These shrublands dominate sandy areas on Colorado’s eastern plains, where they often intermingle with shortgrass prairie to form a locally patchy sandsage-shortgrass matrix. Occurrences are characterized by sand sagebrush with an understory of tall, mid- or short grasses and scattered forbs. Yucca and snakeweed are common in some areas. A variety of small mammals and burrowing reptiles live here where soils are easy to excavate. Typical species include kangaroo rats, plains pocket mice, grasshopper mice, western rattlesnakes, and western hognose snakes. Rarer species that are typical of this habitat include greater and lesser prairie-chickens, Cassin’s sparrows, and ornate box turtles. Fire and grazing are the most important dynamic processes for sandsage ecosystems, although drought stress can impact this system significantly in some areas.
Sand sage shrublands cover nearly two million acres in Colorado, and more than 80% of this is on private lands. State lands and federal lands managed by the US Forest Service account most for the remaining area. Although these sandy-soiled habitats have frequently been passed over while neighboring grasslands are converted to agriculture, and remaining tracts are generally in good condition, some 20% of historic coverage has been lost. The sand sage ecological system is poorly conserved in Colorado, with few patches in protected areas. These shrublands in Colorado are vulnerable to adverse impacts from energy development (including both wind and oil and gas).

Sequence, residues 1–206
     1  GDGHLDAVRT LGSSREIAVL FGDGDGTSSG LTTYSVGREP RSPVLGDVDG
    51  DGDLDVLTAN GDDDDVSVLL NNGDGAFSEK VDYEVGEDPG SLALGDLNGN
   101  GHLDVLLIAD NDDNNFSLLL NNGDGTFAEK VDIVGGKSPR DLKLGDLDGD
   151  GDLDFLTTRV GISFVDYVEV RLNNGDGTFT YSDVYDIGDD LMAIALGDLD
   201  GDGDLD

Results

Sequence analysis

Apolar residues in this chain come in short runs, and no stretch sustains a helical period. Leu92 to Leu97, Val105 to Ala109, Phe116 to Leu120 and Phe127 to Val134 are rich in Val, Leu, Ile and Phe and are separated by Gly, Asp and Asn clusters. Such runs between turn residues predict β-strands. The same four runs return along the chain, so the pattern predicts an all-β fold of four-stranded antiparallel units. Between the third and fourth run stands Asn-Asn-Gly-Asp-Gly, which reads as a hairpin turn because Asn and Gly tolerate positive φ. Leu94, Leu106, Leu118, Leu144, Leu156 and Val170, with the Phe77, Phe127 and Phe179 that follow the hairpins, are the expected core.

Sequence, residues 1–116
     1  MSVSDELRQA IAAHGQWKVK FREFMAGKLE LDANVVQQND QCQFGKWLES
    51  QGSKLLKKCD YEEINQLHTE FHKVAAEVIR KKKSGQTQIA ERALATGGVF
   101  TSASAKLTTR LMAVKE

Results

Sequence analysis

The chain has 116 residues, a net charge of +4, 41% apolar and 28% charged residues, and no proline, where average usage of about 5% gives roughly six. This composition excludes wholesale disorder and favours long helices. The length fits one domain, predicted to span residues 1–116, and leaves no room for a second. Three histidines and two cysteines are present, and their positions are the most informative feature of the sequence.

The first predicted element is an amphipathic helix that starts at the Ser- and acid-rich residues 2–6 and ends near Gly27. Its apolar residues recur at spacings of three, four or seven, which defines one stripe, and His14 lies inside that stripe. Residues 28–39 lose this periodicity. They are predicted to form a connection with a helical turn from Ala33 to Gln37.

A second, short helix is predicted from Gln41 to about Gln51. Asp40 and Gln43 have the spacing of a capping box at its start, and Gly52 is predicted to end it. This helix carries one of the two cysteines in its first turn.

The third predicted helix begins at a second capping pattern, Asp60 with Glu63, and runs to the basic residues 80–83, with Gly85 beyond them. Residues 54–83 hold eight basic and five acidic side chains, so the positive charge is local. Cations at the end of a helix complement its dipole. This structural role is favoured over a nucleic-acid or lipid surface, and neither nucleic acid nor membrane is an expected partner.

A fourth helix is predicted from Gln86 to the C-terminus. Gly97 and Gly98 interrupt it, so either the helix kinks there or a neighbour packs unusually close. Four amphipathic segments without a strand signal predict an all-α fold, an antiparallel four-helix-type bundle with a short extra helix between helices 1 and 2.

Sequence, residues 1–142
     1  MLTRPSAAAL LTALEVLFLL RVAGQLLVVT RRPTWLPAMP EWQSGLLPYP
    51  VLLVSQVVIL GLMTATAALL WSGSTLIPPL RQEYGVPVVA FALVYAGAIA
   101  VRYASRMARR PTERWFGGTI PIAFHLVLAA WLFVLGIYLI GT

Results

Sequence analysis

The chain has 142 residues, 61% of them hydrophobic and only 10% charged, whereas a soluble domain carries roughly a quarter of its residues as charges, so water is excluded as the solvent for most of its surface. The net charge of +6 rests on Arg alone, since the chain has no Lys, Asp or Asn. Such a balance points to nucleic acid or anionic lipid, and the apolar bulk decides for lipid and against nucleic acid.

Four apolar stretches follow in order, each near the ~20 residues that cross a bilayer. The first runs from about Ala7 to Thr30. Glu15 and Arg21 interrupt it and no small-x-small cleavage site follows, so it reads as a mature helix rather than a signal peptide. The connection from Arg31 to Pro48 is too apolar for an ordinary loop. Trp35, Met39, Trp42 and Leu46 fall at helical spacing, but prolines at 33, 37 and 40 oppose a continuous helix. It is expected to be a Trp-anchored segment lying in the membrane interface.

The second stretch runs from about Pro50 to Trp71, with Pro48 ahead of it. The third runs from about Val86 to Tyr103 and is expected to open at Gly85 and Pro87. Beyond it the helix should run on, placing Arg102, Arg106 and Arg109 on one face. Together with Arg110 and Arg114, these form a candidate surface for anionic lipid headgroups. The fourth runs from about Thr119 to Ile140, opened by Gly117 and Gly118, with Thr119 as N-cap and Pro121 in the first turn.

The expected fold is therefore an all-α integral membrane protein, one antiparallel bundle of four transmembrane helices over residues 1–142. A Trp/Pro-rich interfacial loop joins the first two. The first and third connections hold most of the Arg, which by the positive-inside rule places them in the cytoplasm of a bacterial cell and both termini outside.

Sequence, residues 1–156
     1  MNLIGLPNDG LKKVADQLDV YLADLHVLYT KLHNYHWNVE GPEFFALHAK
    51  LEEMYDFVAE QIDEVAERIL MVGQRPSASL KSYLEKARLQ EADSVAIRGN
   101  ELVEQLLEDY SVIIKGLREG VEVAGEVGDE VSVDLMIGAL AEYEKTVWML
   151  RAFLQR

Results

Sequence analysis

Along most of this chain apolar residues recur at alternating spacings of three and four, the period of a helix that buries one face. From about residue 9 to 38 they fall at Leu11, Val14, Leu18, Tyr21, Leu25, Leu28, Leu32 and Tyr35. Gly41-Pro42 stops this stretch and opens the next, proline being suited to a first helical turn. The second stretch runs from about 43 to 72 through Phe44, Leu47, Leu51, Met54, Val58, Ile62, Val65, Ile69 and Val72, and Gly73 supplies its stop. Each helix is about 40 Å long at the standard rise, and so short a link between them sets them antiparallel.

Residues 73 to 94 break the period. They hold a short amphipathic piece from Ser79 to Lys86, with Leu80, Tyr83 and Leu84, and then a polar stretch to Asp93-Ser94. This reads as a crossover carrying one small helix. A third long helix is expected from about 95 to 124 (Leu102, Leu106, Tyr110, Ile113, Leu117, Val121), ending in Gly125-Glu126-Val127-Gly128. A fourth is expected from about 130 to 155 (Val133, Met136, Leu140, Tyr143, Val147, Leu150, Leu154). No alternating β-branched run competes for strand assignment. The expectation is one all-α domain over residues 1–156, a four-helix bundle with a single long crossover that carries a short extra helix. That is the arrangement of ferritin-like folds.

Overall biodiversity, threat, and protection status scores for sandsage in Colorado.
A “windrose” graph depicting sandsage status for individual scoring factors.